- lending to homebuyers is probably not getting easier the way it was then (a steady downward fall in mortgage rates and probably easing of borrowing rules, post the S&L debacle)
- there is an 'overhang' of homes in negative equity, in repossession or bought by investors. As prices rise, they will start to sell

Balanced against this there is a 'millennial' generation that has not had a chance to buy a house, yet-- demographic pressure building up.

My guess (and only that) is you get in most markets 1-2 years of +10% growth as demand and supply rebalance, and then probably a flattening out to 'normal' ie c. 5% pa growth. But it really will depend on which market.
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Re: Home Price Appreciation in Weak Economy

Postby WhyNotUs » Sun May 05, 2013 9:52 pm

One data point- 53% of all closings in Las Vegas last month were to absentee owners. Has averages 50%+ for more than a year. Amazing impact on local home market.
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Re: Home Price Appreciation in Weak Economy

Postby Watty » Sun May 05, 2013 10:55 pm

Many of these homes are "flips" where the most recent sale occurred in the last three months, and now the same house is priced at over $100,000 more.


Even in a normal market part of the price difference could be that the last sale was a by distressed seller or foreclosed house that was sold at a discount and the current sale price is not a distress sale.
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Re: Home Price Appreciation in Weak Economy

Postby 3CT_Paddler » Sun May 05, 2013 11:12 pm

Here in Atlanta its amazing how quickly the switch has flipped in many areas. I think inventory was slowly working its way down, but the last three months, demand has shrunk good inventory big time. Someone else mentioned the market being fragmented, and I would second that. A good home in a good school district is going very fast at or above asking price. But there are still many areas that are pre-2000 levels on a nominal price basis.

Also in the past 6-12 months a fairly large contingent of large investor groups have been buying up homes in the area to rent (which I am not a fan of in a residential neighborhood). Even if it does help overall price appreciation in the short term, in the long term, it typically is bad for the neighborhood.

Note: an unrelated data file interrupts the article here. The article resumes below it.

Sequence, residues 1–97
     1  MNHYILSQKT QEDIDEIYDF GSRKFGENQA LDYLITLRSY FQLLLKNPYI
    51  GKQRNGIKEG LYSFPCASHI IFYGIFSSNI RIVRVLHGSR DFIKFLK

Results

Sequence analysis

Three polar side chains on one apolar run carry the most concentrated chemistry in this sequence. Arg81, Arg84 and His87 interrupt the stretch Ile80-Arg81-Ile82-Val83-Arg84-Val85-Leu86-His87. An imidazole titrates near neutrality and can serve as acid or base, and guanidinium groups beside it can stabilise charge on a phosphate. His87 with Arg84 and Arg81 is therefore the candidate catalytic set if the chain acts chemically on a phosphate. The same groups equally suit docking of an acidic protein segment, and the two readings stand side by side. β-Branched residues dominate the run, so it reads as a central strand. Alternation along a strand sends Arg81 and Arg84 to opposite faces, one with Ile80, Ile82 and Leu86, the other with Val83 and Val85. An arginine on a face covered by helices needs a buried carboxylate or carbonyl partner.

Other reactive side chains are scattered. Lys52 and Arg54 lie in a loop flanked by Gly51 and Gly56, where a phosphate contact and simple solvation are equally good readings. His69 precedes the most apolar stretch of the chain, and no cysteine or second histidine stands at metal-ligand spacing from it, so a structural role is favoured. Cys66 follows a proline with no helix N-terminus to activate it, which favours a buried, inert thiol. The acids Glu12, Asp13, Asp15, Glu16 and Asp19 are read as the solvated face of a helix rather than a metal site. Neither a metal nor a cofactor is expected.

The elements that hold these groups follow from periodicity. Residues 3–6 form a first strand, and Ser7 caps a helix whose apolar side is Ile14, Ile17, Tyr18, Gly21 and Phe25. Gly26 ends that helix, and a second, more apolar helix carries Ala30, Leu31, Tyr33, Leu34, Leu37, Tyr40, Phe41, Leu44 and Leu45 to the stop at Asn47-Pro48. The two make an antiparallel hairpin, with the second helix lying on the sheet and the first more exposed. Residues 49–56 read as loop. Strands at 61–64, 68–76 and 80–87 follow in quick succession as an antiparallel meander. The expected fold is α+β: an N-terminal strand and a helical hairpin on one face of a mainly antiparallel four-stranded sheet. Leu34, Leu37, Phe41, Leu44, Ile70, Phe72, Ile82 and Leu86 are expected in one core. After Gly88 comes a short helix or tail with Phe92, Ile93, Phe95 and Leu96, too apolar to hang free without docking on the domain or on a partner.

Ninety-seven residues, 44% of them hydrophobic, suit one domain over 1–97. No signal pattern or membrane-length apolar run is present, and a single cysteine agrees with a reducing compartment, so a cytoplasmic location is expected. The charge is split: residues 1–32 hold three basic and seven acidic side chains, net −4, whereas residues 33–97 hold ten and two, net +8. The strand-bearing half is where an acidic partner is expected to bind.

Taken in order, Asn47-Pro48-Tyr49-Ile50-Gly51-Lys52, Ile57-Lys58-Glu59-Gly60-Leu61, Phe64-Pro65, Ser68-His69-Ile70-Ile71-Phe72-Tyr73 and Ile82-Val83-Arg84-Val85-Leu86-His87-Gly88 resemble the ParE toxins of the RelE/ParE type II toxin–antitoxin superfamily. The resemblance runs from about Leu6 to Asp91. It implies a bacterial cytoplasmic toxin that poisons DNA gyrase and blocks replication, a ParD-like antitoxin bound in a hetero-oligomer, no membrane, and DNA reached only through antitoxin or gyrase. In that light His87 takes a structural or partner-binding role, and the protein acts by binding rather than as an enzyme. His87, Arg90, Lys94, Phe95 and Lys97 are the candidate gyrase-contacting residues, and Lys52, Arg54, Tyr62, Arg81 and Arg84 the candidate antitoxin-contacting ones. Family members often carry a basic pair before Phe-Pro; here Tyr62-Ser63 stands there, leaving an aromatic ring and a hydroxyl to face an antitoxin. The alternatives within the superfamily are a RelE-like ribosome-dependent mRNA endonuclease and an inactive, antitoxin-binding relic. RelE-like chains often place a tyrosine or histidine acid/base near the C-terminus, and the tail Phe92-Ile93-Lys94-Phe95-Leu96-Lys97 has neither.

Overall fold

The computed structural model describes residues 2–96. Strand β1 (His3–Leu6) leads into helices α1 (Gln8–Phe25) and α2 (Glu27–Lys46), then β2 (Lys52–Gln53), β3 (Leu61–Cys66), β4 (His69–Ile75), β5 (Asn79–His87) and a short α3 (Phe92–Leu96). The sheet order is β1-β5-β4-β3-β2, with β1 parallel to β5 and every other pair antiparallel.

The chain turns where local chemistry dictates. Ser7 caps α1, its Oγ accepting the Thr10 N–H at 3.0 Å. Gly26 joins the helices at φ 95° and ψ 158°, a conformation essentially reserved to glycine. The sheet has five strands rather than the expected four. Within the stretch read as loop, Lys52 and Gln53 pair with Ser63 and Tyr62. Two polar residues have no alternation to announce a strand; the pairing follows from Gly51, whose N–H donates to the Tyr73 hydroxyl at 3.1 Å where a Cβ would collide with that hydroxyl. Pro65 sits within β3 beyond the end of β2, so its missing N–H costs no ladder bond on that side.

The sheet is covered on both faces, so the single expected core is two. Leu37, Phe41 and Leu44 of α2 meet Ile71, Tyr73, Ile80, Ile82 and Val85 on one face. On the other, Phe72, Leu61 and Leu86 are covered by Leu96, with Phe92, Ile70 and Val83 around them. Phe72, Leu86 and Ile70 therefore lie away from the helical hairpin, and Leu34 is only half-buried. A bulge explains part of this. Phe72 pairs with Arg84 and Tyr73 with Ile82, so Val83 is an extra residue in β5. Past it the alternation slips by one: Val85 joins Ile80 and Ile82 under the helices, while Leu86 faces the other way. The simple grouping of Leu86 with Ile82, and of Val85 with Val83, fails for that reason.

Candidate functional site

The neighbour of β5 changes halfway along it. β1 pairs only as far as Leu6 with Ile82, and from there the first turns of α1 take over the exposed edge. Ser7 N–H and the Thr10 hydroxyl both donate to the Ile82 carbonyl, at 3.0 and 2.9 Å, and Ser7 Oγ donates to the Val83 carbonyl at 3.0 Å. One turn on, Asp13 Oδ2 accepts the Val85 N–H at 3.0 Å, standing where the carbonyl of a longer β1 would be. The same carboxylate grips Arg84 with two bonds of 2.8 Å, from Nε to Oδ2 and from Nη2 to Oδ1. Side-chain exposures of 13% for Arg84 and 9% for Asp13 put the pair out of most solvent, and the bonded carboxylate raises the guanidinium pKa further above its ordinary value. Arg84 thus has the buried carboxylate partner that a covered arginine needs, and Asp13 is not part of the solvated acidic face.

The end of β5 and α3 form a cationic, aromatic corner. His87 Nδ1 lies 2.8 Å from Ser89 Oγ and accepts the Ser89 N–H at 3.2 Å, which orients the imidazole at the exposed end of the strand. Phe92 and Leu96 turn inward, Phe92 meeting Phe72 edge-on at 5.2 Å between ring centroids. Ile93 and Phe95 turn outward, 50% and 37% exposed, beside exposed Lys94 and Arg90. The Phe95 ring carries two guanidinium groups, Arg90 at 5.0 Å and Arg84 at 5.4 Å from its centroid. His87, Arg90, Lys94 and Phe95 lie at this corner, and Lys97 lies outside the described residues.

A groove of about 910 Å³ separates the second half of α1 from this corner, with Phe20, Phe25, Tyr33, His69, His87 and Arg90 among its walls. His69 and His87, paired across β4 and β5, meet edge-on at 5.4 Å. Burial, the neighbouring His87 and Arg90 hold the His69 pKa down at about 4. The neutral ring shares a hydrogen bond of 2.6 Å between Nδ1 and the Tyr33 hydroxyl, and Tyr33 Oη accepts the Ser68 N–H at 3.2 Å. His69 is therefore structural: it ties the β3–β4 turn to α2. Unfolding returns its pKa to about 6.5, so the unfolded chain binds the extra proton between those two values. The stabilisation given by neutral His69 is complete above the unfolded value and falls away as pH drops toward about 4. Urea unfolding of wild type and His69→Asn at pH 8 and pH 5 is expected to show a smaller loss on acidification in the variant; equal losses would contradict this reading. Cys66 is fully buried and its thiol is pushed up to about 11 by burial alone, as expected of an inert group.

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Re: Home Price Appreciation in Weak Economy

Postby Valuethinker » Mon May 06, 2013 2:48 am

3CT_Paddler wrote:Here in Atlanta its amazing how quickly the switch has flipped in many areas. I think inventory was slowly working its way down, but the last three months, demand has shrunk good inventory big time. Someone else mentioned the market being fragmented, and I would second that. A good home in a good school district is going very fast at or above asking price. But there are still many areas that are pre-2000 levels on a nominal price basis.

Also in the past 6-12 months a fairly large contingent of large investor groups have been buying up homes in the area to rent (which I am not a fan of in a residential neighborhood). Even if it does help overall price appreciation in the short term, in the long term, it typically is bad for the neighborhood.


Free markets at work. Money chasing returns.

In the short run it's very good news for prices. A widely echoed theme is that people trying to buy houses, investors go there first.

It's hard to forecast what that does in the medium term. Maybe we are in a new era where institutional investors own large amounts of housing (non apartment) and more people rent, fewer own. More likely, in 3-5 years I would imagine these investors want to sell-- doubtless individual demand will have returned by then.

IN the short run it contributes to strong pricing/ price spikes. In the medium term maybe it flattens out pricing? As interest rates rise, perhaps it just gets less attractive.

Like all these ideas, I suspect the first movers into the market will make a bundle, and the late comers will get hurt. Houses *cost* to own and keeping them maintained etc. requires a lot of maintenance, management etc.
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Re: Home Price Appreciation in Weak Economy

Postby whomever » Mon May 06, 2013 7:42 am

Clearly, the price that a willing buyer and a willing seller agreed upon was not setting the market.


I thing 'willing buyer' really means 'willing buyer, who actually has the money'. I might be willing to pay a billion dollars for the Hope diamond, if I had a billion dollars. But that doesn't mean the Hope diamond is worth a billion, because I don't have a billion, and no one in their right mind would loan me the billion either.

I get that it hurts, though. We tend to look at the beneficial features of markets, like valuable optimal allocation of assets, but that looks best in a stable market. Markets also have bugs, like jumping around arbitrarily which randomly divide people into winners and losers.